Property Taxes

According to the Nevin Economic Research Institute (NERI), property taxes should be raised drastically to diversify tax revenue sources and to address issues of rising wealth inequality. As the government prepares its 2020 budget for 2020, increasing property tax is considered.

The trade union affiliated think-tank proposed ideas that represent a major shift in the tax system and the Government has always manages to neglect changing property taxes because of the associated political unpopularity.

Currently, the Government collects much less property tax revenue than most other European Union countries. Revenue from property taxes equates to only 23.3% of gross domestic product (GDP), while the average tax revenue in the EU amounts to 38.9% of GDP. In comparison with the rest of the EU, Ireland is much more dependent on VAT and excise tax revenues. VAT and excise tax generally have a greater negative impact on the less well off than the impact on wealthy.

Property taxes are the most difficult for the extraordinarily wealthy to avoid according to NERI’s senior economist Tom McDonnell. He continued to denote that underlying assets …

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Heightening Taxes to Boost Spending

According to the Nevin Economic Research Institute (NERI), the government needs to look at generating extra funding for housing. How do you generate additional government funding? Taxes.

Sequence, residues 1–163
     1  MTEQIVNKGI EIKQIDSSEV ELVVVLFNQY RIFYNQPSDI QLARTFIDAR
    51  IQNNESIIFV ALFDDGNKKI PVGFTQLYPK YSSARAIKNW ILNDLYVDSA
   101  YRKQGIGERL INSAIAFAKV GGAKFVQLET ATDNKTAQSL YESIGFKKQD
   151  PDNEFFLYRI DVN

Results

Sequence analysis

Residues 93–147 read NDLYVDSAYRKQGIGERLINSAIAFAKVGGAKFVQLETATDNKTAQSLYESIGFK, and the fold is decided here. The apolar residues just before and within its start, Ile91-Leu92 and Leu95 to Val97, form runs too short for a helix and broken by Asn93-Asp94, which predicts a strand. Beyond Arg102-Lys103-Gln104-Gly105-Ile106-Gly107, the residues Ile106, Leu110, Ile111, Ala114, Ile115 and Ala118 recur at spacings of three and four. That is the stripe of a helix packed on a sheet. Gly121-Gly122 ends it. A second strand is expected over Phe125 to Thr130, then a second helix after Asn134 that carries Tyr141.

The need for increased spending on housing can be gained from heightening employer-related PRSI, property, gift and inheritance, and carbon taxes. Irelands government spending and tax revenue amounts to much lower than the average EU spending and revenue.

According to the Department of Finance, in 2018 just over €55.5 billion was received by the Exchequer. Tax on income and wealth amounted to 10.5% of the Irish GDP in 2017, while tax on individual or household income amounted to 7.3%.

Countries in the EU that have progressively developed more stable housing and social housing taxes and tax revenues are comparatively much higher than Irelands. For example, Denmark has established housing that over 22% of dwellings are social rented. Denmark’s tax on income and wealth amounts to 29.7% of their GDP and tax on individual or household income equates to 25.4% of Danish GDP.  Denmark exemplifies a similar country in the EU where the housing market …

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